With these shade garden design tips, you won’t have to give up on shade.
Are you having trouble figuring out how to garden in shady areas? Don’t be worried. The shade allows you to grow beautiful plants that not only tolerate but flourish in the absence of sunlight. Here are some brilliant ideas from people who converted a shady yard into a serene retreat they can enjoy all year.
Mix in the stone and the water.
The shade is one of the best things about nature because it keeps you cool even though it’s hot outside. The calm and soothing feel of this peaceful shade garden is enhanced by the sound of running water and the superb stone pavers on which to walk.
The waterfall was created by tucking three of the enormous boulders back into the hillside. A small stream flows through the yard, leading to a pond at the bottom of the hill. The water is then recirculated up the hill to a pond above the waterfall to conserve electricity. A small pond or container with a fountain will suffice if you don’t have enough room for a prominent water feature. Also, the birds that migrate to moving water in the summer and winter will astound you.
Plants of different colors should be grouped.
In an extensive shade garden, large groups of plants make a strong statement. Astilbes (Astilbe spp. and hybrids), including those shown above, are planted in clumps of three to five in the greenhouse. Even these bright plumes would be lost in the view if there were just one plant located here and there. Another advantage of planting in the shade is that the flowers last longer because the sun isn’t beating down on them.
The majority of the plantings, especially in the middle, are inadequate. Although there are large trees overhead, the shrubs and perennials have been kept short to allow for plenty of unobstructed views of the entire room. If you’ve ever been to a woodland clearing, you’ll find that, despite being human-made, this hillside garden has a similar feel.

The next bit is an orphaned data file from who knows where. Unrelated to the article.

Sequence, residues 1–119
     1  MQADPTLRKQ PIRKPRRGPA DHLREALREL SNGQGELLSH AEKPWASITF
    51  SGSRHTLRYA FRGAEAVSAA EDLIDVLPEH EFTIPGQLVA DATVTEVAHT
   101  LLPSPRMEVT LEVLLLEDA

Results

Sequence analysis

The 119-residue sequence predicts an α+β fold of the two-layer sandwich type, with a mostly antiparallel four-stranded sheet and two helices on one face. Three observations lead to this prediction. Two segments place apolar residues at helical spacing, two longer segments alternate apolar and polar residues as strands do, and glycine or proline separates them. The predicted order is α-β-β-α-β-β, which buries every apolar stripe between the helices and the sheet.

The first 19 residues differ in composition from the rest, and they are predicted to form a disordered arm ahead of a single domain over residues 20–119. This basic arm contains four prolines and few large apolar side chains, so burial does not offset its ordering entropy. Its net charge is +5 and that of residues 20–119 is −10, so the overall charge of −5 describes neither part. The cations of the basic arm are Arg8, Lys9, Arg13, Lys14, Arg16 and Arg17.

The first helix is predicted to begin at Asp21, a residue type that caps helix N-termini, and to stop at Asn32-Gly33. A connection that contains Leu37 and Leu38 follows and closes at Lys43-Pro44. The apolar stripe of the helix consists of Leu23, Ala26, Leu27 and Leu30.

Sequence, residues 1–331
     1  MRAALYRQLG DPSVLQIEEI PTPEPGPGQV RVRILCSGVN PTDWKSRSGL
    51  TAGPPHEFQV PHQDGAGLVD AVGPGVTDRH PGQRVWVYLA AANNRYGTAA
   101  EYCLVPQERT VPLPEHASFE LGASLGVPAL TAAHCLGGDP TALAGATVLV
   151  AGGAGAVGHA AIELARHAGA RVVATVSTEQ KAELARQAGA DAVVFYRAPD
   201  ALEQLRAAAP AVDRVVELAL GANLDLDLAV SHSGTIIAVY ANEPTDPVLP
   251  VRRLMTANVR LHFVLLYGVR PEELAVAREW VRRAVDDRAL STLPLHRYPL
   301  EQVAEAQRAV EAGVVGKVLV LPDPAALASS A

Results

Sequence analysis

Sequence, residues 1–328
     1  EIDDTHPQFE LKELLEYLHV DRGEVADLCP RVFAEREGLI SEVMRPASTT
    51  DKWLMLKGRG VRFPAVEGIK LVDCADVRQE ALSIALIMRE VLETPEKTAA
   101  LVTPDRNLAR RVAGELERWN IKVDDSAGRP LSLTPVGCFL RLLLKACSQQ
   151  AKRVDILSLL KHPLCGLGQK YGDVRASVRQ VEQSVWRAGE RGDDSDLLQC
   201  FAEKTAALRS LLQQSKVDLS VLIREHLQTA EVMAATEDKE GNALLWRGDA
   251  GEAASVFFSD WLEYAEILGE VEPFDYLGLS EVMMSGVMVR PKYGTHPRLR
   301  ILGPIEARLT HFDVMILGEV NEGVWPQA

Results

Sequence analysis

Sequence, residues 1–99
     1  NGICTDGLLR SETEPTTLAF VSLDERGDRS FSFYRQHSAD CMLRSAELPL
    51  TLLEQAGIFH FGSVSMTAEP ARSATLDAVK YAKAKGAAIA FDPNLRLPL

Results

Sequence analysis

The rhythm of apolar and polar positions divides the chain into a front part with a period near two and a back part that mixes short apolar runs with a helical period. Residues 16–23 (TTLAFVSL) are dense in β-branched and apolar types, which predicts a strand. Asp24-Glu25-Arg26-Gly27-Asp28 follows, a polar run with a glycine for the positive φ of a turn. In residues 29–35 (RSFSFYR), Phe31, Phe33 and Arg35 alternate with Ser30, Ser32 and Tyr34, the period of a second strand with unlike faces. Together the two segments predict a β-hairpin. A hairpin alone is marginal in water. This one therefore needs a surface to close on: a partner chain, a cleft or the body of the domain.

Shade plants should be repeated for consistency.
A design tip that can put any size garden together is repetition. It’s not essential to replicate everything; only a few striking plants will suffice. In this garden, you’ll note several recurring themes:
The paths and walls were designed with native stone found during the clean-up and provide a clear link throughout the garden.
In late spring and early summer, bright pink astilbe plumes lead the eye through the beds. The dried flowers can be left in place until fall, but they won’t be as attractive.
Hostas (Hosta spp. and hybrids) with identical leaf shapes but different colors and patterns maintain the look.
Include shady roads.
On this hillside, getting from one area to another wasn’t always easy — walking up the steep incline was a real challenge! Used the stone excavated earlier to create paths and steps after laying out and leveling the courses’ areas. They’re set in mortar to ensure a solid foothold from the garden’s lowest point to the peak of the hill.
Stone is prone to being slippery, particularly in the shade. You may use sand to help with traction or an outdoor nonslip sealant to prevent tripping.
Make plans for shaded garden meeting areas.
The shade is the ideal environment for a get-together with family and friends. The broad level area in the picture above is up the hill and has enough room for small groups. Visitors would have a clear view of the whole garden from this vantage point. The bench that wraps around the edge offers a place to sit and rest while also serving as a discreet railing to avoid tripping.
For shade, choose colors that are relaxing.
Using subdued shades of pink and blue with white splashes, she developed a soothing color palette for her peaceful retreat. A few splashes of bright yellow and chartreuse, like the hostas (Hosta spp. and hybrids) here, give the color scheme a little zip, making it relaxing but not dull.
Shade gardens can get pretty dark at night, thanks to the added cover of the tree canopy. If you spend your evenings in your garden, a pastel color scheme like this will help brighten the space and make it seem more illuminated. Plant pale-colored or white flowers along a path to help direct you after the sun sets if solar lights aren’t an option.
source : https://www.gardengatemagazine.com/articles/design-ideas/all/shade-garden-design-tips/